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Green Deal

Volume 591: debated on Thursday 22 January 2015

[Relevant documents: Third Report from the Energy and Climate Change Committee Session 2014-15: The Green Deal: Watching Brief (part 2), HC 348, and the Government response thereto, HC 882.]

Motion made, and Question proposed, That the sitting be now adjourned.—(Mr Wallace.)

I welcome you to the Chair, Mr Gray. It is a great pleasure to speak under your chairmanship, and I will endeavour to stay within order. I also welcome my hon. Friend the Member for Wyre and Preston North (Mr Wallace), who will reply to the debate. I have had an apology from the Under-Secretary of State for Energy and Climate Change, my hon. Friend the Member for Hastings and Rye (Amber Rudd), who is out of London today, but I know that my hon. Friend the Member for Wyre and Preston North will be a more than adequate substitute.

My Committee is delighted to have secured this debate. The green deal links directly to the last Westminster Hall debate that we had on one of our reports, just before Christmas, in which we discussed the latest findings of the Intergovernmental Panel on Climate Change. Promoting energy efficiency through schemes such as the green deal is a good way to respond to the challenge of climate change.

I much regret that two of the hon. Members who serve on my Committee and who took part in that debate are not present today, although I am sure they have good reasons for not being here. During that debate, they both questioned the scientific conclusions of the Intergovernmental Panel on Climate Change about the extent to which climate change is taking place. In the context of this debate on the green deal, I would have welcomed their comments on last Friday’s joint announcement from NASA and the US National Oceanic and Atmospheric Administration, which confirmed that 2014 was the warmest year on record, and that 14 of the 15 warmest years on record have occurred since the turn of the century. Only the most determined flat earther could now continue to claim that there is a pause in the trend towards higher temperatures.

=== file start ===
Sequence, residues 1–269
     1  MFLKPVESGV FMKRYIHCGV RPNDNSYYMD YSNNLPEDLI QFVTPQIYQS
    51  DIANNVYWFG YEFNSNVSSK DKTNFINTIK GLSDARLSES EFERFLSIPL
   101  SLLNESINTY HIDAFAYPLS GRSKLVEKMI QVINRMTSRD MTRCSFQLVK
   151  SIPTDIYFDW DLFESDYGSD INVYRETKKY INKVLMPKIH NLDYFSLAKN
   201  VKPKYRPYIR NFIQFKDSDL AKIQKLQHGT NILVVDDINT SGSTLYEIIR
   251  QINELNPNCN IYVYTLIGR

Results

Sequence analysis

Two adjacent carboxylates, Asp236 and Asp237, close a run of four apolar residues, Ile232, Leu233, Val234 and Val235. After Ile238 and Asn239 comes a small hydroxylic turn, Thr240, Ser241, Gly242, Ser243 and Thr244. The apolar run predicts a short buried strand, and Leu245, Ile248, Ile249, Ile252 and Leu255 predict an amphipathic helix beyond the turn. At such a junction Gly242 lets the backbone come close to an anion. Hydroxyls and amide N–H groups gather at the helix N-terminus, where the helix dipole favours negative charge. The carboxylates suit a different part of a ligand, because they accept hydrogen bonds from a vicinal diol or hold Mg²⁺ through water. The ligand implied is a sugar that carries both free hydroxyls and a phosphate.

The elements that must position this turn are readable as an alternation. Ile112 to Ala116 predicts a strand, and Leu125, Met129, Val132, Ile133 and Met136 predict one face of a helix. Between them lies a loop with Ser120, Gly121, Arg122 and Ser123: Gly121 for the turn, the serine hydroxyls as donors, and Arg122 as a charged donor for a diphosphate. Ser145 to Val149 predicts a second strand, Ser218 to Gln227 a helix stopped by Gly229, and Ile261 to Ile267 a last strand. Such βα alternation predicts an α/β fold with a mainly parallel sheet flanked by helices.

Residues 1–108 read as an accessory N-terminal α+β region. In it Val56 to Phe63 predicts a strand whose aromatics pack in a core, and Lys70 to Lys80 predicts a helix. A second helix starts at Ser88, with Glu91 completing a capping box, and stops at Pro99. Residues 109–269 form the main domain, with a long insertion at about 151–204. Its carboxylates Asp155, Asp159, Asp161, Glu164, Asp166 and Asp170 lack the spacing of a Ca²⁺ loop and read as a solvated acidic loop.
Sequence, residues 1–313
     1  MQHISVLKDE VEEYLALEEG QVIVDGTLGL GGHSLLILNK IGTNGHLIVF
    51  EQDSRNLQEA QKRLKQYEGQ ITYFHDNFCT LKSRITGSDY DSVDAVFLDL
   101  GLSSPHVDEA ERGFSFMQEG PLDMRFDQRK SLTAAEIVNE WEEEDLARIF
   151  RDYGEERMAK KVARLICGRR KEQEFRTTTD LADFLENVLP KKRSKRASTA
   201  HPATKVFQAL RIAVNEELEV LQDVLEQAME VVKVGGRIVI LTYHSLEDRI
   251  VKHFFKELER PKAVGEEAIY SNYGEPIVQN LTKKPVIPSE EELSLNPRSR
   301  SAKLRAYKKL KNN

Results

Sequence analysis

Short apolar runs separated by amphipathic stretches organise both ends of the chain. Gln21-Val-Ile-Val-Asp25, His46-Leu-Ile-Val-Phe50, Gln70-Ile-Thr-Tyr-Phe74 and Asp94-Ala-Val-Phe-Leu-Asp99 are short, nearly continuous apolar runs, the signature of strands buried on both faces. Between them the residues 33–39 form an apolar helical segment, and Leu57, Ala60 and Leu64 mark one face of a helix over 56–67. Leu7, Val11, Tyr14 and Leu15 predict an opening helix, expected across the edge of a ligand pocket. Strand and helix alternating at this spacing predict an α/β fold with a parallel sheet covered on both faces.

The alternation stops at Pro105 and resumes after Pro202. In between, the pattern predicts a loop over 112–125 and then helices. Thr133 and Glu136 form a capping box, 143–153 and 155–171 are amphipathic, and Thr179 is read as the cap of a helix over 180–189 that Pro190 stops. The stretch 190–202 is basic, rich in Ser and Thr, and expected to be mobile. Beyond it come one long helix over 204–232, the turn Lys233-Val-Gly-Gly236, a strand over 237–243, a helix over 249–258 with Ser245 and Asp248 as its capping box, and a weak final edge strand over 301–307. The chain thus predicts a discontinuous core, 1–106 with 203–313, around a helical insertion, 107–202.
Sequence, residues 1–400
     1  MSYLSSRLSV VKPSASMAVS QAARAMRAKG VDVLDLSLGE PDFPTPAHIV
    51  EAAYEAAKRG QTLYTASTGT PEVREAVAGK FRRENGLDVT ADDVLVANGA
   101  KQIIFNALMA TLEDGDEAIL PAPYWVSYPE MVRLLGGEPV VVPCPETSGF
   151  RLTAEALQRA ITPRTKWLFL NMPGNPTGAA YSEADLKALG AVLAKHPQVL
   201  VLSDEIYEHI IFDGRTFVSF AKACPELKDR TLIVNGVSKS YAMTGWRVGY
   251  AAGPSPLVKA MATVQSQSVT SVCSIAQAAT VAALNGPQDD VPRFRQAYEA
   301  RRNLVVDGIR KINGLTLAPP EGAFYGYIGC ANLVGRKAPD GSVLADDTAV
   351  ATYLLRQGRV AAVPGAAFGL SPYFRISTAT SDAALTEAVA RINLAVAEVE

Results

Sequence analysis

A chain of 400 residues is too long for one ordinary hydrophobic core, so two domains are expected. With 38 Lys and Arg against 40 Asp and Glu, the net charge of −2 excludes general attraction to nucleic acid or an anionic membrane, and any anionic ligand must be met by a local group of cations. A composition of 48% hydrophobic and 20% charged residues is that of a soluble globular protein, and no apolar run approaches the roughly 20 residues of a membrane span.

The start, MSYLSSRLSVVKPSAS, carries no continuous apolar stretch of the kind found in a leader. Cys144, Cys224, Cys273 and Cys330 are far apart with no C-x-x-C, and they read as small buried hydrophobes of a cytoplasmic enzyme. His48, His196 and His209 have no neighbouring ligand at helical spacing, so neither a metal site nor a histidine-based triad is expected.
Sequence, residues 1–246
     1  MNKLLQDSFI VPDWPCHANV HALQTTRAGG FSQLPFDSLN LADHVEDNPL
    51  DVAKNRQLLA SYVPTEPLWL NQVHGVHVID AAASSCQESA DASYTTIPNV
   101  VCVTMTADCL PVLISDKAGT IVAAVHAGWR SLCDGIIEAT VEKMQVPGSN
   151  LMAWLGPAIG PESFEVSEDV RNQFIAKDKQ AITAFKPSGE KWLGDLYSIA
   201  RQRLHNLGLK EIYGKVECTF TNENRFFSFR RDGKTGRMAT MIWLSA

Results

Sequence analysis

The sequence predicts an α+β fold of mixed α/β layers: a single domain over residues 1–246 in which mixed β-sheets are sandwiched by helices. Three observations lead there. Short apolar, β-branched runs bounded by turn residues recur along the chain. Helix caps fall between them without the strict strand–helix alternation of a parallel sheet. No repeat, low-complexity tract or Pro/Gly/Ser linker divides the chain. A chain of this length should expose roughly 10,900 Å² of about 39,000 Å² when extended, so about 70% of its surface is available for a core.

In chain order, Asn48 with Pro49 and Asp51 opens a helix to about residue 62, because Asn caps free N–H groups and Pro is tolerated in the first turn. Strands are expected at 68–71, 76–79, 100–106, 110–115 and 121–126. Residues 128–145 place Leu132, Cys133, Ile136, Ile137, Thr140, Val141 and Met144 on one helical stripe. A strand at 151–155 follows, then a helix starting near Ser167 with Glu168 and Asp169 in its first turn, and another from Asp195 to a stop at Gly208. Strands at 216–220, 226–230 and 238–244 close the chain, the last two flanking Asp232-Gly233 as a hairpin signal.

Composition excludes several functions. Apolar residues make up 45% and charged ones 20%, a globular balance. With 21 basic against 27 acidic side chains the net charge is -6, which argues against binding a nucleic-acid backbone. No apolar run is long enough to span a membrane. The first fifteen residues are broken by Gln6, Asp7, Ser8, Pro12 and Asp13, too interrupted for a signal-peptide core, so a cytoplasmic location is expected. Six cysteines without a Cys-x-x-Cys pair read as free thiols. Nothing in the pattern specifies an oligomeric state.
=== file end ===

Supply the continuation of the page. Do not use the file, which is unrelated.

The conclusion of the NASA director, Gavin Schmidt, was unequivocal:

“This is the latest in a series of warm years, in a series of warm decades. While the ranking of individual years can be affected by chaotic weather patterns, the long-term trends are attributable to drivers of climate change that right now are dominated by human emissions of greenhouse gases.”

One cannot be much plainer than that, though doubtless my right hon. Friend Lord Lawson, and some other members of the upper House, particularly his henchmen in the Global Warming Policy Foundation, will dismiss NASA as yet another part of the global conspiracy, which apparently exists, of grant-seeking academics and left-leaning politicians who have invented the evidence that climate change is a clear and immediate threat to the conditions of climate stability, which have made it possible for the human species to enjoy phenomenal and possibly unprecedented success—very recently in the context of a planet with a 4-billion year history on which humans have been present for less than 0.001% of the time.

I want to assure my hon. Friend the Member for Wyre and Preston North that the Committee’s comments on the green deal are intended in an entirely constructive manner. The green deal was an ambitious policy, vaulting in its aims. It had and still has my full support and that of my Committee. Increasing the energy efficiency of UK households addresses all three aims of energy policy. It improves security, cuts energy bills and reduces greenhouse gas emissions. It particularly helps the fuel-poor to make their homes warmer and more comfortable, and it improves public health as well. So, energy efficiency is the true “no regrets” policy. The Committee fully supports the Government’s efforts to call quits on cold homes and to stop wasting heat through buildings that are inadequately insulated and inefficiently constructed.

Although we acknowledge that putting a completely new framework in place can take time, the green deal and the energy companies obligation are far from achieving the level of activity seen under previous energy efficiency schemes, so we have to ask: how can the green deal be made to work better? That was why the Committee started a watching brief when the green deal was launched two years ago.